Getting Your Child To Finish A Task May Have An Easy Answer

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A large number of families are turning to homeschooling for their educational needs.

This has caused parents to be tested in more ways than one – to say the least.

But all of the worksheets, crafts, and new lesson plans can be conquered with this one invaluable chapter trait.

Intellect, dexterity, and raw talent are amazing gifts, helping children succeed in academics and beyond.

However, all of these building blocks of education won’t amount to much without perseverance- or grit as it is sometimes referred to.

Perseverance is striving for a goal despite the difficulty or hurdles you face along the way.

Think of when a child is confronted with a math problem and doesn’t immediately understand it.

You can encourage a genius all you want, but if they don’t have perseverance then no amount of time will make them finish the problem.

Fostering this trait is done daily by dealing with small setbacks and working through them to overcome challenges and succeed.

Our children have already begun to demonstrate perseverance, like when they rebuild a block tower after it tumbles to the ground or when they get back up after trying their bike without the training wheels for the first time.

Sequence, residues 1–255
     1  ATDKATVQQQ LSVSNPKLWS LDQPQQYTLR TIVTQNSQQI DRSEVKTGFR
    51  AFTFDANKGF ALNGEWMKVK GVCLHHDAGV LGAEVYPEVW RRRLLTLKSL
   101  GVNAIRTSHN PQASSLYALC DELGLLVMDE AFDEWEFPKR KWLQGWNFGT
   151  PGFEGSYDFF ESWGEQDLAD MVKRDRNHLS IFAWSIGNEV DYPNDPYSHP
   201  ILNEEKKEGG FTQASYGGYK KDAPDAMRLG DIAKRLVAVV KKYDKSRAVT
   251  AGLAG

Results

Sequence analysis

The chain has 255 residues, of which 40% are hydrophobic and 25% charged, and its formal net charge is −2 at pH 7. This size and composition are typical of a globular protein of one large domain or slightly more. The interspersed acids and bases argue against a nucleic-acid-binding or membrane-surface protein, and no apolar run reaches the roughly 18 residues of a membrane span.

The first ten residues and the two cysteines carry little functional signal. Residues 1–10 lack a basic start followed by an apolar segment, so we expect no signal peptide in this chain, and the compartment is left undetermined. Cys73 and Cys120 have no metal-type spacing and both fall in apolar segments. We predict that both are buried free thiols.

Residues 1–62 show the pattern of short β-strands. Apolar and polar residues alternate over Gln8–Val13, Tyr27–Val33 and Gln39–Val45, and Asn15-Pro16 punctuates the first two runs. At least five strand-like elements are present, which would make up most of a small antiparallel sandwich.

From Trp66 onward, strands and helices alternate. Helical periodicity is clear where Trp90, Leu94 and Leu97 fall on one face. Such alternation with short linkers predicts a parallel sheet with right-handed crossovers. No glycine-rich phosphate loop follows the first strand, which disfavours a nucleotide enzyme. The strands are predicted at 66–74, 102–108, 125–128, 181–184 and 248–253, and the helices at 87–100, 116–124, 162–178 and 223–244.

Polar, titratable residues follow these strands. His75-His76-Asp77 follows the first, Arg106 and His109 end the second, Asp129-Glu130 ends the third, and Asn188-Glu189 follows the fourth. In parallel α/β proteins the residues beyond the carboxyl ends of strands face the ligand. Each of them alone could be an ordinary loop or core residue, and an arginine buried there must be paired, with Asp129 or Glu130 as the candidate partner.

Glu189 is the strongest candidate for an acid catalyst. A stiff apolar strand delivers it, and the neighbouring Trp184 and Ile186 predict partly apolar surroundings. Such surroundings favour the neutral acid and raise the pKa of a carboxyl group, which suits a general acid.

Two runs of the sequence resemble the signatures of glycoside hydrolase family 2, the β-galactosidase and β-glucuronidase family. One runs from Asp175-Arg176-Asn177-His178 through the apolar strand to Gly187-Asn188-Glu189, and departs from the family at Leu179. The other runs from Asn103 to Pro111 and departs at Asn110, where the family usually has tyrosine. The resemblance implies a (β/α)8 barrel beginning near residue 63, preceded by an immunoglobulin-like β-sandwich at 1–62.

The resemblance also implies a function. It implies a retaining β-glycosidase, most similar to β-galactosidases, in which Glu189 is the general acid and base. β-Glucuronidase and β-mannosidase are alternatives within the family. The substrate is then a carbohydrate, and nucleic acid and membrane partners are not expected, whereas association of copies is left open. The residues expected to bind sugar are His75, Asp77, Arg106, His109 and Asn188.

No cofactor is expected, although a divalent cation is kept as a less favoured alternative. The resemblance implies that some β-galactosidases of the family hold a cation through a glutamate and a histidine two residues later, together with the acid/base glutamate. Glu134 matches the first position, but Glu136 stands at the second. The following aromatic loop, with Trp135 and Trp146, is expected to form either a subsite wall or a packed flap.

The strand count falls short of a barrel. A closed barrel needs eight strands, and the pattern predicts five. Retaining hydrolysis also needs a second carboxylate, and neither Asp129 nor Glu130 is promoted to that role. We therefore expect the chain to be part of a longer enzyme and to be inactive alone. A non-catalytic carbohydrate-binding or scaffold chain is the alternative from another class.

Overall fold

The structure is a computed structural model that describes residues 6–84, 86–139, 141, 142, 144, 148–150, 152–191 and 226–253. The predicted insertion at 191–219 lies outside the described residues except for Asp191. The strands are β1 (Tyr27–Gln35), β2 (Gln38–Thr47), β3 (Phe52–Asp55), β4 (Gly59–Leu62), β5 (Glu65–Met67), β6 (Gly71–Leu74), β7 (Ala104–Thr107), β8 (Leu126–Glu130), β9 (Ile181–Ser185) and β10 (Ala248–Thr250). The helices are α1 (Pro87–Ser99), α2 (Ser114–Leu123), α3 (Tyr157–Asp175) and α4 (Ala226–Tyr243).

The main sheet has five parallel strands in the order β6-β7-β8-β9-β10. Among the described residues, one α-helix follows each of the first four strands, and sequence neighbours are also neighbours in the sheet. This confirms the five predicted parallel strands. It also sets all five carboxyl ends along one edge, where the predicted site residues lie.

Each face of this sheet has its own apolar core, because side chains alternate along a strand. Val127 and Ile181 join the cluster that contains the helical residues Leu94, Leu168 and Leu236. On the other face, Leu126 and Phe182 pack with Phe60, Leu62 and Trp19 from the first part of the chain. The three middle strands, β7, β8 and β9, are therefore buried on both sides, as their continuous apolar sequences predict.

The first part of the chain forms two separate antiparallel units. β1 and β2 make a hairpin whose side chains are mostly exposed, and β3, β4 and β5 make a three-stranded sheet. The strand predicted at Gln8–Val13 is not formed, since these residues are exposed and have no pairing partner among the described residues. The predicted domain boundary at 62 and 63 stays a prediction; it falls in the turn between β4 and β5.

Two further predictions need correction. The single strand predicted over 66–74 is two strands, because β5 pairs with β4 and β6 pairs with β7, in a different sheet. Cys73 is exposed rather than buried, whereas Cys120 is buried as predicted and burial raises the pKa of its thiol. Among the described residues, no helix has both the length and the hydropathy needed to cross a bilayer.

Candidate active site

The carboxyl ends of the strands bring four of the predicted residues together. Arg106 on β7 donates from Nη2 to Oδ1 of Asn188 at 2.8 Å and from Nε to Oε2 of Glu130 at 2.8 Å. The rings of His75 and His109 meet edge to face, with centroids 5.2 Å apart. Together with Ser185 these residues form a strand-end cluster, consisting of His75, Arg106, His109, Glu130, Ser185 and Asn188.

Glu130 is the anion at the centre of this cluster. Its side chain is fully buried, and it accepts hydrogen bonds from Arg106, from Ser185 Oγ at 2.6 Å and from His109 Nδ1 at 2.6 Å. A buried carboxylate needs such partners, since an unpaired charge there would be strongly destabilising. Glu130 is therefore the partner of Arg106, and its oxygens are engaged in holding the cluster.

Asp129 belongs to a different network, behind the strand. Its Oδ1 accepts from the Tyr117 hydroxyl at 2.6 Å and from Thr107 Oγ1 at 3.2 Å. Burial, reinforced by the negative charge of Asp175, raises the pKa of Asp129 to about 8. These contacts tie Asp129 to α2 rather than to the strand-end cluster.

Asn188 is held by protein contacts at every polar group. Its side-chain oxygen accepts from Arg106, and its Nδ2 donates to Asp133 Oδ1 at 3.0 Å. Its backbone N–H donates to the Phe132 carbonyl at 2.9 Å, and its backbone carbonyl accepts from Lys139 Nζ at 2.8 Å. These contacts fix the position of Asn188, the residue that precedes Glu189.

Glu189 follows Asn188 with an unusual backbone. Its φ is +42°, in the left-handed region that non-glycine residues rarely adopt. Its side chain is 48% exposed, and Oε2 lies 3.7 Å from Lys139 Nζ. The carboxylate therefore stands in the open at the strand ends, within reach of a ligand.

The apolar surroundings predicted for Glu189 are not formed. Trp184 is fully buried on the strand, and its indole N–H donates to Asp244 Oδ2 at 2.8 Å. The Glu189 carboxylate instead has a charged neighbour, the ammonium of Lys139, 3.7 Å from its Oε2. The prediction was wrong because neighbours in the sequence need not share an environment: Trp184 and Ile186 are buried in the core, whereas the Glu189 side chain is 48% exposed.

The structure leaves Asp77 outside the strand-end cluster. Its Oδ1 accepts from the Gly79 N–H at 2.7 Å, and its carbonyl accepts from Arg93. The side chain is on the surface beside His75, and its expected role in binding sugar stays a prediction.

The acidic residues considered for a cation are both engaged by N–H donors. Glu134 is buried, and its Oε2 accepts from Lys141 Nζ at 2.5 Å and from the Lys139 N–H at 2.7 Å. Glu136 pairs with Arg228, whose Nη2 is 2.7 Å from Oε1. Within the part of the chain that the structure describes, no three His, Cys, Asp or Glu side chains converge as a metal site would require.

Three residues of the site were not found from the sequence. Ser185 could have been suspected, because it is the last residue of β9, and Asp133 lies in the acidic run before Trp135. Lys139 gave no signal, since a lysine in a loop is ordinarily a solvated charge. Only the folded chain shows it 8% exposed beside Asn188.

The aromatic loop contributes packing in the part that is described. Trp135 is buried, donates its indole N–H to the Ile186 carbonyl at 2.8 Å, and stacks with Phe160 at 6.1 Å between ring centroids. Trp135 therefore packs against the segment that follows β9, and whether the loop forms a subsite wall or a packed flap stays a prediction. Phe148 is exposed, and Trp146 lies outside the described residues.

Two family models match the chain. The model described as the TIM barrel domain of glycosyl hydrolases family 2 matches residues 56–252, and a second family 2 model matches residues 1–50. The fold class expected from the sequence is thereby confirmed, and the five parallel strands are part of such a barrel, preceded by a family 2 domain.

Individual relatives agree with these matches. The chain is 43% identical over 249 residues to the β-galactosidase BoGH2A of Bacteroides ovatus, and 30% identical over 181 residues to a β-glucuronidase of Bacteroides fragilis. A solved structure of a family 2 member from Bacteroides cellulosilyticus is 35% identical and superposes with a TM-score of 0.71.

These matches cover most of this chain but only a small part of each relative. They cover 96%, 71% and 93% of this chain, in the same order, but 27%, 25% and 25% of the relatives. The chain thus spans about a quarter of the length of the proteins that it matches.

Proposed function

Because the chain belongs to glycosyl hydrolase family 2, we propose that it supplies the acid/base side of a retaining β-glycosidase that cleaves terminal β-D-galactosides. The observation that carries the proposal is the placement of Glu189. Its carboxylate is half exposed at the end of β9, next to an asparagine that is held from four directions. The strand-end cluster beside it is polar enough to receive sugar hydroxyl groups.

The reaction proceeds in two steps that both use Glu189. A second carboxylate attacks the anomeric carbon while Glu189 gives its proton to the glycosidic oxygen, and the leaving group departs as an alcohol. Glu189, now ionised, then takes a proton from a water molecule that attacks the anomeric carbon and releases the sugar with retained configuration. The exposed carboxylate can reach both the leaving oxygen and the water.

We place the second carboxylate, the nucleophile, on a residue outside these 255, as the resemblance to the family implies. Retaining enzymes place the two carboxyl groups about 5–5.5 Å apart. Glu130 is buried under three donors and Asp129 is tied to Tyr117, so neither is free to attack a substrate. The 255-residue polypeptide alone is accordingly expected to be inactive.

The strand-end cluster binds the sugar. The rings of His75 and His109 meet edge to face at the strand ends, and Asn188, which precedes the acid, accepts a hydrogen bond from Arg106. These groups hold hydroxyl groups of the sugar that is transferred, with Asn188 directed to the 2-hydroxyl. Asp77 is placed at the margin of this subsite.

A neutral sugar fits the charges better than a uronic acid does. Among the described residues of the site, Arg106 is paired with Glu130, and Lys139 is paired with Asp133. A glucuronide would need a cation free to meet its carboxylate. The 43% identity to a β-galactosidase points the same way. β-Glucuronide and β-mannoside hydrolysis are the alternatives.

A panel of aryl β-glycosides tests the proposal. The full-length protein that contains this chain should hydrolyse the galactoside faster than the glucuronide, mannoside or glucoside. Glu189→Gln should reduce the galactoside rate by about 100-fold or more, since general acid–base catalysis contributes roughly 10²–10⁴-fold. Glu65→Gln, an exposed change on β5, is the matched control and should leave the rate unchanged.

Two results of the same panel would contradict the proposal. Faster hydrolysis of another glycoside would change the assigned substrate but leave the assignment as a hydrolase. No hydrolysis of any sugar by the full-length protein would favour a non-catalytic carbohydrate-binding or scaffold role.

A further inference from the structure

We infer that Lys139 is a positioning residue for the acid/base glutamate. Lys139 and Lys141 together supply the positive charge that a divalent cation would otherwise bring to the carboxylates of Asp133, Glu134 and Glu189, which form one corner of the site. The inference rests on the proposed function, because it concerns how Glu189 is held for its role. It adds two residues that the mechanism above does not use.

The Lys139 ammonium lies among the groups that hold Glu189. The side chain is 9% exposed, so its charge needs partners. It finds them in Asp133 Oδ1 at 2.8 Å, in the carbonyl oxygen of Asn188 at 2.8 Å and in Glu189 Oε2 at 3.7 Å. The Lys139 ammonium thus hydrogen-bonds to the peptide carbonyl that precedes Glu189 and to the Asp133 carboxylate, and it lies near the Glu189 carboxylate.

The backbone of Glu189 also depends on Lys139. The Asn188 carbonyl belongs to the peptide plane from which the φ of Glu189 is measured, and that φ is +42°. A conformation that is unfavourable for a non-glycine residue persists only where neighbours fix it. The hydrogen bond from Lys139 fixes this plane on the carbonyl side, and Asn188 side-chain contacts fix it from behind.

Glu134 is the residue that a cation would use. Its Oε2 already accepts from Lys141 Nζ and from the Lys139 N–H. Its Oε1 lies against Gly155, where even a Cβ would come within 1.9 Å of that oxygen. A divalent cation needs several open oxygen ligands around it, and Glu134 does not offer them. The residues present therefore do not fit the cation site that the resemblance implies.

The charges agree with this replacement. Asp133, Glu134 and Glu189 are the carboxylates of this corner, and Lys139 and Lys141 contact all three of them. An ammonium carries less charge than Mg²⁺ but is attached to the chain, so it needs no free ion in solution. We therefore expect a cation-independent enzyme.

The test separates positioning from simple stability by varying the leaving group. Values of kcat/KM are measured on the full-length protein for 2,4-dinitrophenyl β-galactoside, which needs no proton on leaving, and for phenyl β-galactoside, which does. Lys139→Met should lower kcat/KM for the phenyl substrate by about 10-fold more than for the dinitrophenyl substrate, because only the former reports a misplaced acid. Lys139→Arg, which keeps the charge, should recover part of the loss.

It is undoubtedly hard to watch our children fail.

That is why we often swoop in to help our kids up when they fall off the bike, holding the seat during their next attempt.

And it is okay to be an unwavering support for our kids, but sometimes allowing them to fail and try again is the best thing we can do to help them grow.

Today puts it this way:

How your child deals with failure is a key aspect of building resilience. If a child never fails, they may never learn to overcome obstacles. Learning is a process, and failure is part of that process.”

Instead of finding the right piece when your child is doing a puzzle, try saying, “you are so good at finding what works even when its hard. I look forward to seeing the puzzle when you are finished.”

And maybe point them in the right direction if its one of those puzzles you suspect will be out on the dining room table until they move out.

Also, provide opportunities for your child to try something new they can persevere in.

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Start small like rolling a ball to each other on the floor and build up to large feats like long division.

Don’t miss out on moments to hep your children hone in on the skill of perseverance.

Discuss often how you have noticed their efforts to overcome challenges they have faced throughout the day, whether it is soccer practice or a failed science experiment.

Let them know it is okay to fail, because that is how they know what not to do next time; and they are better for it.

When a child knows how to persevere you are giving them the tools they need to be resilient when life inevitably throws them curve balls.

None of us nail a task on the first try, but those of us who keep trying until we do are the ones who make the greatest difference in this world.

Let’s bring up the next great generation of game changers.